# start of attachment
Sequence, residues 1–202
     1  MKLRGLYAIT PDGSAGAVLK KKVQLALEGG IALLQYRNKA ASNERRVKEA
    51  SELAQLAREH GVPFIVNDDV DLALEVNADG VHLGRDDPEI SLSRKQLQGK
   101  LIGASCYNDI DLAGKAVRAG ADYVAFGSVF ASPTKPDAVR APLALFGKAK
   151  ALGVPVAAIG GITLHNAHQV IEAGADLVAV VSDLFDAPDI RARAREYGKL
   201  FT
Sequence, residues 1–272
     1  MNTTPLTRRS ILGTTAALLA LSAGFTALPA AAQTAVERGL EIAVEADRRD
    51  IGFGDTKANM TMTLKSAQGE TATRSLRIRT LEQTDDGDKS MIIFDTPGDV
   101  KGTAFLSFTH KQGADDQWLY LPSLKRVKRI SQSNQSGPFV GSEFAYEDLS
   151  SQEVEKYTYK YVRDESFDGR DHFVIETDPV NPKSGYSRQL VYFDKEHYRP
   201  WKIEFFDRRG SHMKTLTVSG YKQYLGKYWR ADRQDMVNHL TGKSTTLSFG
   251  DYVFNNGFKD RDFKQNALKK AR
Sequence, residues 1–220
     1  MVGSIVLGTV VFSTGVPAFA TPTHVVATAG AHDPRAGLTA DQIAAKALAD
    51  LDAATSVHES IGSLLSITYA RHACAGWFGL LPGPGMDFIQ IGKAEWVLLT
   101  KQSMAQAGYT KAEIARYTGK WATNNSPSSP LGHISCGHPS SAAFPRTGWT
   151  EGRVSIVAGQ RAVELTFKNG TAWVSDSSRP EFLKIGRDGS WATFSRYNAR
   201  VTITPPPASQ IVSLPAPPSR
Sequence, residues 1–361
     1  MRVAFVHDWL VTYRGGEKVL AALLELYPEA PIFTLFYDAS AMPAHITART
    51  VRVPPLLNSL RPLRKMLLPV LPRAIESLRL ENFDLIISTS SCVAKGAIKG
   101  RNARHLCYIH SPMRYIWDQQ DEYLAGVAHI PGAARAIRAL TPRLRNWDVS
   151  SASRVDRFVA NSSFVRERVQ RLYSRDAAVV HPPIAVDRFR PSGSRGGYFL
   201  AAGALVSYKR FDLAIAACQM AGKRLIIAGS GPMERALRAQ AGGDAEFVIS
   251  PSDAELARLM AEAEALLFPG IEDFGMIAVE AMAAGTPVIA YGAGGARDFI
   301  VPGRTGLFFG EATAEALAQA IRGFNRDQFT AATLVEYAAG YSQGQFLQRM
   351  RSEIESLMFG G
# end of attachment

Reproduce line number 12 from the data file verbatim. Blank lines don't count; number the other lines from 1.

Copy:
   201  WKIEFFDRRG SHMKTLTVSG YKQYLGKYWR ADRQDMVNHL TGKSTTLSFG